[16]. Previous CNNs included convolution layers, pooling layers, and fully connected layers. These layers were then stacked to create a deeper network. Recently, different kinds of layers such as depthwise convolution, separable convolution, and dilated convolution, have been introduced. In addition to stacking the layers on top of each other, skip connections are used to pass the gradients smoothly for deeper models. One disadvantage of these advances is that it has become more difficult to select and optimize the best model for a practical application. As a consequence there has been some interest recently in finding architectures automatically.

Zoph, Le [27]: Recurrent Neural Networks (RNNs) are used to generate model descriptions of the neural network to be trained and the Recurrent Neural Network (RNN) is trained with reinforcement learning to maximize the expected accuracy of the generated architectures on a validation dataset. The RNN

predicts filter height, filter width, stride height, stride width, and number of filters for one layer and repeats this layer to construct the CNN. Every prediction is carried out by a softmax classifier and then fed into the next time-step as input. Generally, the process of generating an architecture stops if the number of layers exceeds a certain value. After generating an architecture, a neural network with this architecture is built, trained, and validated with a held-out validation set. The validation performance is used to update the policy of the

RNN to generate better architectures over time. This approach involves minimal human intervention and depends on the RNN to learn the policy from scratch. However, this approach also involves further tuning of the hyperparameters of the RNN model and needs many samples of architectures to learn a good policy.

Baker et al. [3]: MetaQNN is a meta-modeling algorithm based on reinforcement learning that automatically generates high performing CNN architectures for a given learning task. The learning agent sequentially chooses neural network layers with layer types (e.g. convolutional, pooling, fully connected, termination) and their corresponding hyperparameters via -greedy policy until it reaches a termination state. The generated architecture is trained and validated with a held-out validation set. The validation performance is used as a reward to update the Q-learning network to generate better architectures over time. While this work extends the architecture generation ability of [27] to more layer types, it still suffers from similar drawbacks resulting from the use of reinforcement learning which requires many samples to accurately learn a good policy.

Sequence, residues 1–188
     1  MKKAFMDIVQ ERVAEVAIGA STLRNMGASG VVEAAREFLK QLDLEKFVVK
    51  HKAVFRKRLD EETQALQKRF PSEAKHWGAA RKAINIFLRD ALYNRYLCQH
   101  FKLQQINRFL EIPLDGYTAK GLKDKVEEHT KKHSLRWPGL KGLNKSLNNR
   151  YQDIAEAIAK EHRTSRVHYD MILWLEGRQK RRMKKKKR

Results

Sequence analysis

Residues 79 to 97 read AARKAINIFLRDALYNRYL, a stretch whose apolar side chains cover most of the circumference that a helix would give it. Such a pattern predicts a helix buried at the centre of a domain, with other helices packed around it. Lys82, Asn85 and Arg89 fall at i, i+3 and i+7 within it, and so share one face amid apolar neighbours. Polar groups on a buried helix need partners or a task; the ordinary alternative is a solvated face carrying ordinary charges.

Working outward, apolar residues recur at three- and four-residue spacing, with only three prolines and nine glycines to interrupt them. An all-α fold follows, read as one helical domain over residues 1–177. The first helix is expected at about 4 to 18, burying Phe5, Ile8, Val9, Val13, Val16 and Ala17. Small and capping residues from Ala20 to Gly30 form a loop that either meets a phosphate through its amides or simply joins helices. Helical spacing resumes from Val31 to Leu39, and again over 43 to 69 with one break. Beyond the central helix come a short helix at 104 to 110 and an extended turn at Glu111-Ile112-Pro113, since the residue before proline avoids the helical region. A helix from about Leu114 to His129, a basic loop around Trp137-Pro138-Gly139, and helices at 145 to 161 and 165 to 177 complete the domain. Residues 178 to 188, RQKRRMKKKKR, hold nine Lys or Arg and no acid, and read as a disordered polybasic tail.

Real et al. [15]: This approach uses a simple evolutionary algorithm to automatically discover high performance CNN models. The algorithm starts with random CNN architecture that usually performs poorly and then progressively improves this architecture while navigating a fairly unrestricted search space. Each evolved model is trained and validated with a held-out validation set and the performance is considered as the individual’s quality or fitness score. The scheme uses repeated pairwise competitions of random individuals. Different mutations are used for the reproduction steps and the child architectures are allowed to inherit the parents’ weights whenever possible. Given the limited mutation space for each step, it still requires a significant amount of computing resources to reach the optimal solution.

Miikkulainen et al. [12]

: CoDeepNEAT is an automated method for optimizing deep learning architectures through evolution. At first, a population of minimal complexity neural networks are generated and over many generations structure (nodes and edges) are added incrementally through mutation. Each node represents a layer in the deep network and contains a table of real and binary valued hyperparameters. These hyperparameters are mutated through an uniform Gaussian distribution and random bit-flipping, respectively. These hyperparameters determine the type and properties of the layer. Each evolved model is trained and validated with a held-out validation set and the performance is considered as the individual’s quality or fitness score. Because it starts from a relatively complex architecture, it is more efficient than the approaches that begin from a cold start. However since it limits its search space to a few initial neural networks, it is hard to reach the state-of-the-art performance when compared to other architecture search methods.

Zoph et al. [28]:NASNet considers learning an architectural building block rather than learning the full architecture. The learned building block is then repeated many times to create the deep architecture. An RNN is used to generate the descriptions of the building block in a manner similar to [27]. For CNN models, two types of building blocks are learned: Normal cell and Reduction cell, where these blocks return same size feature maps and reduced size feature maps respectively. The controller RNN is trained using proximal policy optimization to generate better architectural building blocks over time. This approach also generates models that are transferable with the best building blocks for one learning task also showing good performance over other learning tasks as well. However the RNN itself still lacks transferability and needs to be retrained for each new problem. Also, because the blocks are learned from scratch, this approach requires many more trials to achieve state-of-the-art performance.

Suganuma et al. [18]: Cartesian Genetic Programming (CGP) is used to automatically construct CNN architectures for an image classification task. The CNN structure and connectivity represented by the CGP encoding method are optimized to maximize the validation accuracy. The CNN architecture defined by the CGP is trained and validated with a held-out validation set and the performance is considered as the quality or fitness score of the architecture. However, CGP creates an additional set of hyperparameters (e.g. mutation rate) that now need to be searched over to find the best model.